oakstone730: (page)
Okay, I've been feeling a few pangs of guilt because every so often I post on Goodreads a not-complimentary review for published books that I've read. Sometimes I just give them one star but if something is truly awful I've said as much. This is NOT something I would ever do on a fanfiction story. And TBH I never really thought about it until an author 'liked' one of my complimentary reviews of their books - and I had an immediate flash of guilt as I realized it was likely that the other authors whom's books I've panned are likely seeing them.

Should that they are professional published authors change the courtesy that is shown to 'amateur' fanficiton writers?

For the record these are two sample 'bad comments - not horrible but not supportive concrit comments:
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I know on Goodreads you can mark your reviews as just viewable to friends, and maybe I should do that, but I like reading other people's comments and so kind of don't want to do it - but I also cringe at the thought of authors reading what I write about their books. Is there a -not viewable by Goodreads authors- setting?
oakstone730: (Default)
It was two-years ago this month that I wrote my first fan-fiction story, written sitting at my desktop computer while my children played blocks and Little People on the floor behind me. In August, 2011, I did not know that fan-fiction existed, I was writing simply because I'd spent the summer re-reading the books and found myself reading the last couple chapters of Deathly Hallows again and again (already I was completely ignoring the Epilogue) trying to read between the lines and find more answers than the words on the pages were providing. I contemplated ordering the UK books to see if they provided more closure, but I knew they wouldn't, the answers weren't there.

My writing placeAt the playground, driving to school and work, I started composing what I thought happened next. When these thoughts became jumbled, I scribbled them down on an envelope in my purse. When I lost the envelope, I sat down at my computer and wrote out my thoughts, but then I started adding dialogue, and it started to build. My little bit of closure grew to be 22,000 words, and I was immensely proud of it, because it put a neat little bow to the seven books, and of course reflected what I wanted to see happen.

Still, I was embarrassed, I'd just spent two or three weeks writing a conclusion to someone else's story, and I couldn't really justify why. In a rare bit of honesty I confessed doing this to a virtual friend (the only kind I have) and she typed back: Oh, you wrote a fan-fic. I gave a virtual nod and immediately went to Google and searched fan-fic and got over six million hits as a return.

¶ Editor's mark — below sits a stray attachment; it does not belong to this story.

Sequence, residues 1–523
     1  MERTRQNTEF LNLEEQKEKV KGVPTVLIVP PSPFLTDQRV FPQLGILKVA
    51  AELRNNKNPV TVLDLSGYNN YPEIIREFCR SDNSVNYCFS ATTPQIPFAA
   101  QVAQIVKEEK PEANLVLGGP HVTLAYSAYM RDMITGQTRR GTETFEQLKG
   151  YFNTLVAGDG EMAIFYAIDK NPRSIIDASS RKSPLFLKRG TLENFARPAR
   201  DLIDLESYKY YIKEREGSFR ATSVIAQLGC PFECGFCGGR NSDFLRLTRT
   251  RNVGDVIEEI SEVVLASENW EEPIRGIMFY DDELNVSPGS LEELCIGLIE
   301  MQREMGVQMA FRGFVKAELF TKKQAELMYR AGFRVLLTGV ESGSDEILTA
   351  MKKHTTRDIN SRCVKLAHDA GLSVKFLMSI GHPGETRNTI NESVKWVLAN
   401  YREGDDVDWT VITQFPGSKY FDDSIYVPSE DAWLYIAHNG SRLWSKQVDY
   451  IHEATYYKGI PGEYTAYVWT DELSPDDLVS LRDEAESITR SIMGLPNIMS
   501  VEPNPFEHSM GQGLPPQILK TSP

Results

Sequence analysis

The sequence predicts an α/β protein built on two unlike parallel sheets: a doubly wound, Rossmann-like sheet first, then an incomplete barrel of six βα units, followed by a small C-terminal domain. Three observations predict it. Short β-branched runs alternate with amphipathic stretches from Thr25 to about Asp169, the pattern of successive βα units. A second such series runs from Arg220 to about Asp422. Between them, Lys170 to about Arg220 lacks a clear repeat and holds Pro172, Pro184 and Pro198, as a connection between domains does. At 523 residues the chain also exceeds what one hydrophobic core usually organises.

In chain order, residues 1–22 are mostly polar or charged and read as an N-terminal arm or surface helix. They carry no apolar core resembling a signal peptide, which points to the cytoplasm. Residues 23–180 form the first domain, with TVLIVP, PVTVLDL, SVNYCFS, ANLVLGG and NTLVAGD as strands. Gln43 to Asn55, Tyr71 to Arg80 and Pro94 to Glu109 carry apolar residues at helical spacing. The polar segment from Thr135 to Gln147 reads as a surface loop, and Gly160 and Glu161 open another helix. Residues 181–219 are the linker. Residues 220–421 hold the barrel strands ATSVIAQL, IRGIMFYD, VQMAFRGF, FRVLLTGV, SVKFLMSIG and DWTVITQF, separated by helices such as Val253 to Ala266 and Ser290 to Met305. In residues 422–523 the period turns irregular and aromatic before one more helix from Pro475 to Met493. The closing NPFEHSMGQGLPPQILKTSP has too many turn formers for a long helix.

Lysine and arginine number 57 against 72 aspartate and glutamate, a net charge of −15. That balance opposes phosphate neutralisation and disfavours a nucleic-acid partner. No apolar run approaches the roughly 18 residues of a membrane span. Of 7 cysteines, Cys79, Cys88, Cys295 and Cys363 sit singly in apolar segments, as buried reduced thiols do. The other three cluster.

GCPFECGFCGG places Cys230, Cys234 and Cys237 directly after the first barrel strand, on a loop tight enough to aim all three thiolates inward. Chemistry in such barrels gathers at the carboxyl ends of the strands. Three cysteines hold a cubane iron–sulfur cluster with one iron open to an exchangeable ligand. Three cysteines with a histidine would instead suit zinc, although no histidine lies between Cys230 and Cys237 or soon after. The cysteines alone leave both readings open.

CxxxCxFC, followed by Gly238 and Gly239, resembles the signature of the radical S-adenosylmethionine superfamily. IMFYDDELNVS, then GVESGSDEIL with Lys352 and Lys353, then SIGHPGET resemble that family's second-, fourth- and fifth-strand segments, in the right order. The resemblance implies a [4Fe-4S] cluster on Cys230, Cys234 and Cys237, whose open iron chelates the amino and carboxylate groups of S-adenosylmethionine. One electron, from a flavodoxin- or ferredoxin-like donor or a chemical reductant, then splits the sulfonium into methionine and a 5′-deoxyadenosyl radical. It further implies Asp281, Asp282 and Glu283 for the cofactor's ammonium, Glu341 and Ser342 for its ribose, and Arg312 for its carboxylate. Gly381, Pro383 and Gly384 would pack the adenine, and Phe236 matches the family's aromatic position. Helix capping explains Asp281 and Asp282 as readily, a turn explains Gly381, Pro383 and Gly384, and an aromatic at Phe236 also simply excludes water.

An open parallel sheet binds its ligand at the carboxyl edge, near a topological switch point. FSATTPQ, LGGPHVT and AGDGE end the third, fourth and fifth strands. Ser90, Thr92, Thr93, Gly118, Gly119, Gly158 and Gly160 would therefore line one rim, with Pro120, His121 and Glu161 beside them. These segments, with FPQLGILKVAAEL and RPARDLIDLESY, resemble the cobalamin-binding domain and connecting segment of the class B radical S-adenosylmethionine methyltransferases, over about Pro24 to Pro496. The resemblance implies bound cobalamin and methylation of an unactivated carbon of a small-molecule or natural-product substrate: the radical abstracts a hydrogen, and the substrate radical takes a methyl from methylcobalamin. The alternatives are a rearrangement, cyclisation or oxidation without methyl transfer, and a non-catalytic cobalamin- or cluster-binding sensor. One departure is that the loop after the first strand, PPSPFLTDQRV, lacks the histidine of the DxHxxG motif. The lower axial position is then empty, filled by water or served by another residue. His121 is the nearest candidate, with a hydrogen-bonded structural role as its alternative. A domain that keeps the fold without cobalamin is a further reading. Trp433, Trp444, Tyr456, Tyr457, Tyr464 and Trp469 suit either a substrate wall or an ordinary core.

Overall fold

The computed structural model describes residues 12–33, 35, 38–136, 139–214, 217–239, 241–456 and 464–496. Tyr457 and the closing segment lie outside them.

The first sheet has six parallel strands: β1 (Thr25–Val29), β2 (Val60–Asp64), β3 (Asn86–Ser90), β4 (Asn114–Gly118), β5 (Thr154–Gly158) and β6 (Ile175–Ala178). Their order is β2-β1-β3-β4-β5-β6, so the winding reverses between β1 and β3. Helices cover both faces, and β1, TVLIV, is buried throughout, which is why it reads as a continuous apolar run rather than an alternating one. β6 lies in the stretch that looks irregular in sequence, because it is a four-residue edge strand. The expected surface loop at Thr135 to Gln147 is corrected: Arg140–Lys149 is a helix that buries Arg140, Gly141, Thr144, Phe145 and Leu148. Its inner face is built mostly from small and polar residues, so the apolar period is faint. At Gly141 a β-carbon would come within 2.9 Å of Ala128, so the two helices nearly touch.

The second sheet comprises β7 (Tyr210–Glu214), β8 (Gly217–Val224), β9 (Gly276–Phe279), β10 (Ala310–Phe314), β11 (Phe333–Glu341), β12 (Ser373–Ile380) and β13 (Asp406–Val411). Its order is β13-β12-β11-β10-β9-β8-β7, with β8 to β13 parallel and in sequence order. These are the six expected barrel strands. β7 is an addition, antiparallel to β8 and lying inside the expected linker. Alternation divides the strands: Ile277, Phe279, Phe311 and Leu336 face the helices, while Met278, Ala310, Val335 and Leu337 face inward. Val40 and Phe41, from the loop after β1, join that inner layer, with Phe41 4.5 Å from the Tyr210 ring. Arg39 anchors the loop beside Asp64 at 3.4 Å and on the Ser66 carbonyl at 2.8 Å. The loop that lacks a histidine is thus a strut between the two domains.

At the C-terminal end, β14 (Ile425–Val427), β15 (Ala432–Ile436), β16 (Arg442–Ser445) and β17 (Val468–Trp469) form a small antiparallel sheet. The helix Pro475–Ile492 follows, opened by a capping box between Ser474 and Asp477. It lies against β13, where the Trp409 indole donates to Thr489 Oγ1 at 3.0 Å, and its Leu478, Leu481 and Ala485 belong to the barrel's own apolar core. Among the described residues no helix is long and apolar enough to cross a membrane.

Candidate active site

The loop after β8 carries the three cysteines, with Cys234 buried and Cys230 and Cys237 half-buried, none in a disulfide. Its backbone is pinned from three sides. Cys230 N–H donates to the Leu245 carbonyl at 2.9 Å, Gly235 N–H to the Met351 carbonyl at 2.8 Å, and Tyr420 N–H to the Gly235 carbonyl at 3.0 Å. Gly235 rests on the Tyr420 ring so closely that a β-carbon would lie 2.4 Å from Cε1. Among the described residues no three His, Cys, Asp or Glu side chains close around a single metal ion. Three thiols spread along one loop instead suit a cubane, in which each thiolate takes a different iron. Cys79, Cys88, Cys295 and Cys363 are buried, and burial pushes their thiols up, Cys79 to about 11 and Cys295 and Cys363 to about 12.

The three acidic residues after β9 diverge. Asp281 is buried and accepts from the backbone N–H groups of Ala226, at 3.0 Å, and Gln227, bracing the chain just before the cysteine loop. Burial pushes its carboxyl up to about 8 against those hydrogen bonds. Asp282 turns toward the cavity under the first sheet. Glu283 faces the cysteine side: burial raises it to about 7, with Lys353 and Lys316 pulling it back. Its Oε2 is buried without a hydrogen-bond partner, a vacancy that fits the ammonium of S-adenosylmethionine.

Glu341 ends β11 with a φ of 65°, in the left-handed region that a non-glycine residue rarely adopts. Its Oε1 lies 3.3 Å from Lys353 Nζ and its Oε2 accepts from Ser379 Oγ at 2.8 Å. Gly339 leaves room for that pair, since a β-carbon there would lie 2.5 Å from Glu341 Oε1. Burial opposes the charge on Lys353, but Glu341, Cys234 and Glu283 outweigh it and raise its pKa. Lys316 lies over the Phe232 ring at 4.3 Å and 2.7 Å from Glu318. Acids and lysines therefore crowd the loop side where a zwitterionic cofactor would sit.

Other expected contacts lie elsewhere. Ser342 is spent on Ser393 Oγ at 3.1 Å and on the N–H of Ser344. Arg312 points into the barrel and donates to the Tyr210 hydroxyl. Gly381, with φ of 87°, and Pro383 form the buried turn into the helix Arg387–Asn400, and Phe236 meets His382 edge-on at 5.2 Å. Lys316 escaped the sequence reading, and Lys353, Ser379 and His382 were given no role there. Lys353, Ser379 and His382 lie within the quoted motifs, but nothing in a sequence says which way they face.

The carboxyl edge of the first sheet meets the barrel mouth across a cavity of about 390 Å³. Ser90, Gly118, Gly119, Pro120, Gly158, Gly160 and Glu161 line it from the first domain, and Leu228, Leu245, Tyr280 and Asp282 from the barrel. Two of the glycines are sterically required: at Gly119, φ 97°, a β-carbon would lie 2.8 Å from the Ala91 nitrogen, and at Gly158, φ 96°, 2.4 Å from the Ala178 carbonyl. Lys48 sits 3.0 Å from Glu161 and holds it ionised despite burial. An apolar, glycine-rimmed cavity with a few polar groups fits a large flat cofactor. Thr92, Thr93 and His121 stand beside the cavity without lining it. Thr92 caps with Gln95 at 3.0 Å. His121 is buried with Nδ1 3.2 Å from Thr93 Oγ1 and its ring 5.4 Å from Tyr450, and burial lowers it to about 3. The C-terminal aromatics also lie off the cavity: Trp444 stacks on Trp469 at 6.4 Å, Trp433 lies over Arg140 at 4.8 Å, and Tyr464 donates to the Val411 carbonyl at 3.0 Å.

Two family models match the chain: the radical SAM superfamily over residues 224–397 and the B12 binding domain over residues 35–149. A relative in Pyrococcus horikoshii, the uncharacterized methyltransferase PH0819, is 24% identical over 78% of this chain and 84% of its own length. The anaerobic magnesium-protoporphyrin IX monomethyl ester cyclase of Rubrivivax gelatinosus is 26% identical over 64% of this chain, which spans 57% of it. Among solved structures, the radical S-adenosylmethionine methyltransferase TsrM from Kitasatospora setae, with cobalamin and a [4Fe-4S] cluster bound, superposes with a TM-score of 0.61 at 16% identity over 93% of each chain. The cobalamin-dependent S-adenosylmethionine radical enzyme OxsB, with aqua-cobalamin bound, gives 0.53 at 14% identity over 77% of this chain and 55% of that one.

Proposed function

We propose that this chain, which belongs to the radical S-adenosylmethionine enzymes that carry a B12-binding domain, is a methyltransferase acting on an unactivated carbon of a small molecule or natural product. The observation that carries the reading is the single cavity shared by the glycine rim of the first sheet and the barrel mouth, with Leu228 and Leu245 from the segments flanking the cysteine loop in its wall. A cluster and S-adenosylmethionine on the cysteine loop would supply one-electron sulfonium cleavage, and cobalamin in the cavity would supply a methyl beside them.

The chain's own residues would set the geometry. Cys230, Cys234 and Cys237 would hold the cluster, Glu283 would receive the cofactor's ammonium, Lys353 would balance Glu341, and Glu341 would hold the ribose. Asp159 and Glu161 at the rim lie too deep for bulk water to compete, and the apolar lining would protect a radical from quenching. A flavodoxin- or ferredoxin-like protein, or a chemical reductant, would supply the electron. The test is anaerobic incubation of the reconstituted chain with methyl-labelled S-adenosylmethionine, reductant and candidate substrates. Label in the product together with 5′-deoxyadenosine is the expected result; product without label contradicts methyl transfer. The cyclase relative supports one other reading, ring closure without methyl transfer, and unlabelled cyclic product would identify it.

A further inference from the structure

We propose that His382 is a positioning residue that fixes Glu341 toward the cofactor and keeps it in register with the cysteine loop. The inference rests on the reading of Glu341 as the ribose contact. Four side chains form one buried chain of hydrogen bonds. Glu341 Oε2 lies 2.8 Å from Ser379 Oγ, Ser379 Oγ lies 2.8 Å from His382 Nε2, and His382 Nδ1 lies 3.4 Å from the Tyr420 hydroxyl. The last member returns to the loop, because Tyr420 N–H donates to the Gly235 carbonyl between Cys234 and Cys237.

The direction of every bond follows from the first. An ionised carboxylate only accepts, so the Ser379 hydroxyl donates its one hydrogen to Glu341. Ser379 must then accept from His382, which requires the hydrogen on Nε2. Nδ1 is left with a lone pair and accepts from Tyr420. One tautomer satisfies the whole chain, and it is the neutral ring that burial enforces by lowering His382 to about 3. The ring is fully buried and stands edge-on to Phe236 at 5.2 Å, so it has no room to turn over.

This was my first clue that the world was not flat.

Click for the rest of the story... )


Apr. 27th, 2013 04:09 pm
oakstone730: (Default)
I've been debating all week about writing stories that switch POVs. Is it acceptable, generally, to switch POVs within a story? Not every paragraph, which I find terribly distracting, but from one chapter to the next. Or is it a sure sign of novice-writer?

In my shorter stories, I always write from the same POV, but in the longer ones I do, on occasion, switch perspectives when I need to show the other person's view. Is it a sign of poor writing skills that I can't convey that while maintaining the 'main' character's point of view? I admire writers who are able to tell entire stories from one side, but when I'm writing a scene I sometimes feel the need to show the other character's side of the events that are occurring. Is this a bad thing? I know I've spent hours writing and re-writing scenes because I can't decide whose perspective that scene needs to be told from...

Let me know what you think, please!
oakstone730: (Default)
Stolen from [livejournal.com profile] marianna_merlo my year of fanfiction writing summed up
Calendar Year: 2012
Total Stories Written: 15 (including current WiPs)
Total Words Written: 315,000 (aprox)
Average Words Per Story: according to FF 24,925
Shortest Story: DragonLover (300)
Longest: Twist of Fate (312K)

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Lost Words

Jun. 19th, 2012 02:17 pm
oakstone730: (Default)
There are passages in books that can sear into one's memory - perfectly turned phrases that continue to haunt long after the book has been returned to the library or the bookshelf. This summer, I am continually thinking of this beautiful passage from Robert Hellenga's Sixteen Pleasures. The protagonist's mother, dying of cancer, alone on her bedroom records hours of memories into a tape player. After her death the family discovers that the tapes are blank - her voice had not been recorded through some mechanical error. This is Margot's thoughts on the loss of her mother's last communications:

All I know is that my life is filled with little pockets of silence. When I put a record on the turntable, for example, there's a little interval--between the time the needle touches down on the record and the time the music actually starts--during which my heart refuses to beat. All I know is that between the rings of the telephone, between the touch of a button and the sound of the radio coming on, between the dimming of the lights at the cinema and the start of the film, between the lightning and the thunder, between the shout and the echo, between the lifting of a baton and the opening bars of a symphony, between the dropping of a stone and the plunk that comes back from the bottom of a well, between the ringing of the doorbell and the barking of the dogs I sometimes catch myself, involuntarily, listening for the sound of my mother's voice, still waiting for the tape to begin.   -- Robert Hellenga, Sixteen Pleasures. 

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